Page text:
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Benson
Jun. 30, 2010, 04:12 PM
I have a customer needing tree recommendations for trees to plant for shade in and around a llama pasture on the Eastern Shore of Maryland. Soils are droughty, land is on the bay, so must be relatively salt tolerant and of course, they need to be safe for llamas.

The owner would like deciduous trees to line the fence and put in between pastures. There will be multiple 2 ac blocks of pasture with cool season grasses planted in them. She would like deciduous trees which they plan build shelters around so the llamas can't browse the trees. Fast growing is also a request.

TIA for any help.

goodhors
Jul. 2, 2010, 04:15 PM
Since I don't know what is poison to Llamas, I can't recommend any trees. She should get on some Llama forums and ask about poison trees, see what answers she gets. Maybe contact her local Ag College Vet school, ask questions there.

Some trees meeting her desires are invasive types, undesireable for taking over an area.

I have found the Poplar family to have many members, and they do grow quickly. Perhaps something in there would suit her. Not sure about salt air tolerance, since my knowledge is not near the ocean.

Checking out Native species trees, which are happy in her setting could be a solution. Using the less common Natives helps keep them going in the eco system, helpful to wildlife, instead of overplanting more commonly sold trees like Maples and Pears, just because they are available cheaply. Do make sure such "Native trees" are native to the area you are planting. The WRONG natives in a place can also become invasive or pest trees.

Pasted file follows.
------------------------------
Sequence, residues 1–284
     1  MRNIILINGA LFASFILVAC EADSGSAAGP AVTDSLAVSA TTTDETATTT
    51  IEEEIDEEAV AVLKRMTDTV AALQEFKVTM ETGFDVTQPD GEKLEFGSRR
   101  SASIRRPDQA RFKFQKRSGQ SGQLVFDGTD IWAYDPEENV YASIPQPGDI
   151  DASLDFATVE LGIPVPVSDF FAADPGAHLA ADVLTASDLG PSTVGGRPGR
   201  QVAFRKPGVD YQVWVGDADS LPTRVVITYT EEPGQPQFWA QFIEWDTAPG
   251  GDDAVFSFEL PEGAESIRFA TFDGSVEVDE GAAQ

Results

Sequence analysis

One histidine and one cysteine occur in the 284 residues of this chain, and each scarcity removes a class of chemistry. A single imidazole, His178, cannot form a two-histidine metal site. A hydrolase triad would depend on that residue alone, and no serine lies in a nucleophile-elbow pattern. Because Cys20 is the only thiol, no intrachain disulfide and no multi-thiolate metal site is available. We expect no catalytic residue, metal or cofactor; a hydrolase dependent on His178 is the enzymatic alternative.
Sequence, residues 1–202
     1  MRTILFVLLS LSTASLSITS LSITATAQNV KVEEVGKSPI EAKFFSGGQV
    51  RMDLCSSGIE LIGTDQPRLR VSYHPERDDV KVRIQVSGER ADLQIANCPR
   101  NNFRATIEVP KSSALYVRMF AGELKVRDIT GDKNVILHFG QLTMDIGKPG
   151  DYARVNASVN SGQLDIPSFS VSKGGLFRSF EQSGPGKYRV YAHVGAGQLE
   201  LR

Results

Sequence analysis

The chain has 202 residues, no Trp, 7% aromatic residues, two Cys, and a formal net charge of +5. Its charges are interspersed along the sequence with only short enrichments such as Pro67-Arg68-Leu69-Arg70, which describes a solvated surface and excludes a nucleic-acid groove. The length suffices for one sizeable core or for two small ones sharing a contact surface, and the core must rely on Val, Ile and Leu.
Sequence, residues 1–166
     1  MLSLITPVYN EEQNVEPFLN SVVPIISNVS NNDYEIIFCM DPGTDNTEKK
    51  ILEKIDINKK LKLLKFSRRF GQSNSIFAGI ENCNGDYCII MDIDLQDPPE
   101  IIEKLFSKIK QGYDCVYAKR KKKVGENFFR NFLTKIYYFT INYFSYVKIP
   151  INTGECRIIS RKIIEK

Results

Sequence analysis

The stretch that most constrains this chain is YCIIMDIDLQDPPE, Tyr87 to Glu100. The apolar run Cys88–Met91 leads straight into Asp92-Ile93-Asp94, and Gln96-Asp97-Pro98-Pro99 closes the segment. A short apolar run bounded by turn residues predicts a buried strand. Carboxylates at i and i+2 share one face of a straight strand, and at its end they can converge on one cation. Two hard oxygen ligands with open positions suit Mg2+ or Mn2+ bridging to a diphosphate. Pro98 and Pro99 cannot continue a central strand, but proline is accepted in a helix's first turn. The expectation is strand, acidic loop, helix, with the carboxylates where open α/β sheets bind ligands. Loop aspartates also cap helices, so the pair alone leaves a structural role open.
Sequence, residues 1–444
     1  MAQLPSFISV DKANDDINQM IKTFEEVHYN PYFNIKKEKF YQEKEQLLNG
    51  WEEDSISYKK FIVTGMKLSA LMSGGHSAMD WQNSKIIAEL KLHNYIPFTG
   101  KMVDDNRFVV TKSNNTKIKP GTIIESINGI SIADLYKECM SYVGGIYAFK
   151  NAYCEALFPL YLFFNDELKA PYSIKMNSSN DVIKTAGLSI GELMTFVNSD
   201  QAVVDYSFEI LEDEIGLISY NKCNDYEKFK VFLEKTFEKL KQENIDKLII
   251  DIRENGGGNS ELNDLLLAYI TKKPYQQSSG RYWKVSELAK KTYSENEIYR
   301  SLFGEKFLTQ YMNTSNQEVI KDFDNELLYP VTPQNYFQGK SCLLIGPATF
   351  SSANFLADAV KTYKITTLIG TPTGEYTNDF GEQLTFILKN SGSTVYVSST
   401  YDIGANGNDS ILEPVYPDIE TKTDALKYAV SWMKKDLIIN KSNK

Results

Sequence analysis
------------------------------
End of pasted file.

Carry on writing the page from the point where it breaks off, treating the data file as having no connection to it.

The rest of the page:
She also might plant double rows, with the quick growing but short lived trees to get started. Then second row of slower growing, longer lived trees to take over, continue growing, when the first ones are ready to be cleaned out. Some of those quicky hedge trees are only good for 10 years, then they die.

Very tough, tall bushes or shrubs might also be part of her solution, added to the tree planting rows. Bushes are great windbreaks, and if chosen well, can grow tall and orderly to live with and work around. Unruly hedging would be the Rugosa roses, wild rose types. They are great hedging, wind stoppers, shady, wildlife shelter, but they always want to spread and thorns make them hard to deal with. They are VERY tough growers in adverse conditions, could be good for seaside use.

Whatever she gets, she needs to be planning to water them for a couple years to get the roots well developed so the trees and bushes can then support themselves. Sorry, YES a couple years of watering in a droughty soil is a big commitment, but needed for getting trees started successfully. Maybe if she is well off, a watering system would work, but greenery NEEDS water dependably to grow well or at all. I have been watering my fence trees two years now, hoping for less need this year but they are still small. Have lost two to someone eating it, probably rabbits in winter. Not lack of water!! Probably will need additional watering thru the hot season of late July and August if we get no rain.